Every other month DevMynd(custom software development company) hosts an event we call the Executive Leadership Roundtable. It’s a great opportunity for some of Chicago’s best business and technology minds to come together for an insightful discussion. At one of our recent events the topic was the monetization of data. It was such a great exchange of ideas that I thought I’d share some of the insights that emerged.
To set the stage, we had panelists from an array of backgrounds, executives from companies like Truven Health, Rand McNally, Sportvision, and Rise Interactive. It was through this diverse set of industry experience that we found a lot of common ground in how organizations think about deriving profit from data. Here’s what we learned:
Solve a Problem
Like any product, producing “data for sale” has to help solve a problem for your customers. Whatever industry you are targeting, you have to understand what’s keeping your customer up at night. This means extensive research into the trends and challenges they face. And, understanding their competitive landscape against which your data could provide an advantage.
It’s also helpful to know what kind of problem you are solving, and what value you are adding. Are you creating insight for the customer that increases their top-line revenue, reduces operating cost and bolsters profit, or mitigates risk? Knowing the broad category here will help you position your data, and also helps to encourage creative thinking into the customer use cases.
Almost every business generates data of some kind, and they probably also produce more data than what might actually be considered valuable. However, sometimes it’s helpful to go dumpster diving, and look at some of the data that is effectively thrown away. You may be surprised at what discarded data you might find some potential value in.
Also, don’t look at the data you have now (what you produce) as having to represent standalone value. It may very well be that buying some outside data (and combining it with your own) produces something more useful than the sum of the parts. Several of the panelists commented during the evening that they both buy and sell data in this way.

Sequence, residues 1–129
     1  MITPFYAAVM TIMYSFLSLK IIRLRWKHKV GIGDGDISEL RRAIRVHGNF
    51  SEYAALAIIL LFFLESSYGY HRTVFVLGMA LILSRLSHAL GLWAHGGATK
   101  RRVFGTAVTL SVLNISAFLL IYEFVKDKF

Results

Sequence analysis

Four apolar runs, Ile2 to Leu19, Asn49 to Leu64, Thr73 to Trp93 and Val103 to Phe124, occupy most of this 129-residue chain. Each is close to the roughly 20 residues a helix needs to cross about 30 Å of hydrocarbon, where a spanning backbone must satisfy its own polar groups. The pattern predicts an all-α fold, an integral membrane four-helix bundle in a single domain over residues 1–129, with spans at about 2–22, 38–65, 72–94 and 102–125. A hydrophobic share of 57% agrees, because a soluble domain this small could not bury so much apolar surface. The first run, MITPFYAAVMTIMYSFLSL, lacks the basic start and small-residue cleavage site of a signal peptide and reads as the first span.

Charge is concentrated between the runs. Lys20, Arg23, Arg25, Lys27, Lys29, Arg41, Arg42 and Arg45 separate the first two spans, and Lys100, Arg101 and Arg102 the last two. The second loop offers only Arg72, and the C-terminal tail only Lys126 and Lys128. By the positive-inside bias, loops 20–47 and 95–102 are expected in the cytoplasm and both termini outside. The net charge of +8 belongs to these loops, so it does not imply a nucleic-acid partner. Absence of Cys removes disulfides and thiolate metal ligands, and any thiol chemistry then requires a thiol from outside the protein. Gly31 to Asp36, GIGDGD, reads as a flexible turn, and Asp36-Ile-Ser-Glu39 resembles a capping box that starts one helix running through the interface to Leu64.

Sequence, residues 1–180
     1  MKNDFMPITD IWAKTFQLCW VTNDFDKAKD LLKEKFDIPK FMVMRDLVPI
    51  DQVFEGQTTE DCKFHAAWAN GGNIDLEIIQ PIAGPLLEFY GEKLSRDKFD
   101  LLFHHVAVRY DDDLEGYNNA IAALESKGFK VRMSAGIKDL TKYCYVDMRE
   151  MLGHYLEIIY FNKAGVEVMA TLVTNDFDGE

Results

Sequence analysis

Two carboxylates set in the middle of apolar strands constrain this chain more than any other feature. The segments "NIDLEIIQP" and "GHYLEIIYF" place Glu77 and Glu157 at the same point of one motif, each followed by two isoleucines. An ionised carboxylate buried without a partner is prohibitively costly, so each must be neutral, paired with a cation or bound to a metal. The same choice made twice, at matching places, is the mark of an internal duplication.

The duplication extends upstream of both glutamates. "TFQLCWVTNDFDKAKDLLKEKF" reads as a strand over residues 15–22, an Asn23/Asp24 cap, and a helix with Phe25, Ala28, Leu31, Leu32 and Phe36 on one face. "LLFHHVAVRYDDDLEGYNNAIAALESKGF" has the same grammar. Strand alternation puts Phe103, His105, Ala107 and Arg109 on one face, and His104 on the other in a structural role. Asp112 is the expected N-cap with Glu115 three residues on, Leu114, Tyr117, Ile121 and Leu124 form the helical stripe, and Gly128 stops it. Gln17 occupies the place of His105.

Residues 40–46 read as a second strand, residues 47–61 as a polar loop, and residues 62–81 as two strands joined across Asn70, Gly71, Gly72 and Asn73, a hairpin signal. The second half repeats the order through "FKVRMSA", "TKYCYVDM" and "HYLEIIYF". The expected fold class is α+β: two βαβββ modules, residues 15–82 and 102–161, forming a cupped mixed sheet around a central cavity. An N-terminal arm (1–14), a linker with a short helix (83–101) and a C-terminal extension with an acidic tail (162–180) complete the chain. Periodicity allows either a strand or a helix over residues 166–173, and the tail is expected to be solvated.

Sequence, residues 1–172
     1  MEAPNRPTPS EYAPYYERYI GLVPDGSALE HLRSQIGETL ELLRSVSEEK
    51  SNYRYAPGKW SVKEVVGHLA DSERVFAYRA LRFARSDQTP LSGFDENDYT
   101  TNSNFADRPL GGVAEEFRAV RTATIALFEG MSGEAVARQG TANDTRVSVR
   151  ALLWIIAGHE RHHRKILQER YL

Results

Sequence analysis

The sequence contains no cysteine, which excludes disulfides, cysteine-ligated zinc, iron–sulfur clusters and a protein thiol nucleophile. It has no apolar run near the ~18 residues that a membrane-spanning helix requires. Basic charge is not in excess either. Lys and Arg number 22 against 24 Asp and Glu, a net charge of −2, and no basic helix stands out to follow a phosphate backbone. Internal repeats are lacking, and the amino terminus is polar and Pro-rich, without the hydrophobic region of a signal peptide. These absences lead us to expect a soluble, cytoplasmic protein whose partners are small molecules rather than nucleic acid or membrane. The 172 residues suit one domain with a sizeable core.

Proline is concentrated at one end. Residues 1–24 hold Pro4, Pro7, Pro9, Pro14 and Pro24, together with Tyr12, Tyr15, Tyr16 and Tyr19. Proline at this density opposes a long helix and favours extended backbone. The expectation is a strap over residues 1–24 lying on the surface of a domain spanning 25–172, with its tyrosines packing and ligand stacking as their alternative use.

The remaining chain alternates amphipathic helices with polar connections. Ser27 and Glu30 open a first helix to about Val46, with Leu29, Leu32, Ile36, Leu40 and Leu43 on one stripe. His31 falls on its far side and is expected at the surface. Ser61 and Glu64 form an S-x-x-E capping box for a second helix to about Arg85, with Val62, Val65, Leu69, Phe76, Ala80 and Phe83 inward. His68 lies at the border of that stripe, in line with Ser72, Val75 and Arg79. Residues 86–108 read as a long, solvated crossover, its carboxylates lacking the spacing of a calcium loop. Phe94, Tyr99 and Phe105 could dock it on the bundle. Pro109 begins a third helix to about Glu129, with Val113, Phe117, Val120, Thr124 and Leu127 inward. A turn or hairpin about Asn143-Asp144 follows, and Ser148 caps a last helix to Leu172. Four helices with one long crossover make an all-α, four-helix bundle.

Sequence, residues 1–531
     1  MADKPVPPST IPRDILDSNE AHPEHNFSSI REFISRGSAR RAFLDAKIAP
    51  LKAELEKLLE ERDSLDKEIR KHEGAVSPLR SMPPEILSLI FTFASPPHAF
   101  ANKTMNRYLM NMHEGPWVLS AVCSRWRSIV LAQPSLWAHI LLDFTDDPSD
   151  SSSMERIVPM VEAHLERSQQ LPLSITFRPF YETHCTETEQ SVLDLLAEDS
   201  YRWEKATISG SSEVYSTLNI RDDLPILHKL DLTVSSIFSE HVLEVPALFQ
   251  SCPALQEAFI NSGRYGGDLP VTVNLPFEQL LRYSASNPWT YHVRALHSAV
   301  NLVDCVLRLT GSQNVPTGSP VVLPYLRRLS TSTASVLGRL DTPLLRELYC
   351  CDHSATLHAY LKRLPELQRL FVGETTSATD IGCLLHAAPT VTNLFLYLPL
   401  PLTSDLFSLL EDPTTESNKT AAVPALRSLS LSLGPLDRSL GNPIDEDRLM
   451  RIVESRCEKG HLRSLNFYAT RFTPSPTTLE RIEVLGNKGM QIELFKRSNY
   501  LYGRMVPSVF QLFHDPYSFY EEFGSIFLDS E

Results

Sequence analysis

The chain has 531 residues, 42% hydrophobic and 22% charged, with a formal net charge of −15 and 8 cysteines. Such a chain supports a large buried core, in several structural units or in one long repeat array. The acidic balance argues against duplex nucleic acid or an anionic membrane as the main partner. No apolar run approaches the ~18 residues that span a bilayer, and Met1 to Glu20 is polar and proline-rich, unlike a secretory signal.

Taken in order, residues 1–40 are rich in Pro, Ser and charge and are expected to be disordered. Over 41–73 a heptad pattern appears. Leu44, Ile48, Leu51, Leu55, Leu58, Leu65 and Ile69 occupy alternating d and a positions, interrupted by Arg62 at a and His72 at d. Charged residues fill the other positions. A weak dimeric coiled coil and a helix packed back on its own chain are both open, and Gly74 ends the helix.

A Framework for Insight
One way to look at the combination of various data sets is through a simple framework that one of our panelists introduced. The idea is to look at data that represents three distinct dimensions of a domain, then use the combination to drive insight:
- Demographics: This can be attributes of people, companies, or other entities.
- Behavior: What measurable things do these entities do?
- Context/Environment: What were the conditions when these behaviors occurred?
Another interesting aspect that doesn’t always exist in the data…is time. Sometimes insight can only be derived when trends can be discovered in all three elements of this framework.
Create a Value Chain
Another insight that came up in our conversation, was taking a value chain view of your data. Raw data might be worth something to some customers, but others will need it compared against various benchmarks. Still, other customers will need those benchmark comparisons to be aggregated and put into context against other data sets. At each stage in the chain, additional value is added to the data, therefore opening new markets for your data to become a viable resource.
All of the panelists agreed that pricing data was a complex task. And, unless you plan to offer your data to the general public through a commodity model–then each deal would likely be unique. Several panelists agreed that value-based pricing was a good way to go. In other words, deferring some amount of revenue and tying it to the value the customer received, either in increased revenue or reduced costs or risk.
Give to Get
One recurring theme, was the idea of a data exchange rather than just a one-way purchase arrangement. One example of such an arrangement, is where a customer will provide source data that you can enhance with your own data and processing. The second is more of a “rising tide floats all boats” scenario, in which several customers pool data together to be aggregated and enhanced.
These scenarios create new opportunities for inventive pricing models. For example, customers who provide their own data into the collective pool receive a discount on the resulting enhanced data.
Privacy Is Paramount
It is critical to consider privacy in your data products. This is especially true when the data includes, or is derived from, personally identifiable or sensitive information. At various points in the discussion, the experts all indicated that privacy was a concern that should span contracts, controls, and audits.
There are many ways to address privacy concerns but masking (obfuscation) and aggregation seem to be two of the favorites. Masking means removing or replacing enough of the fields in a data set in order to make the identification of an individual subject impossible. However, historically this has proven difficult. Much more care should be taken with this method, when it involves source data. With aggregation, the data is rolled up to a level where individuals no longer are visible, only cohorts.
I hope some of these points have been helpful as you think through how your organization can build revenue streams with data. As always, the DevMynd team is standing by to help with these and other strategic technology needs. We look forward to hearing from you.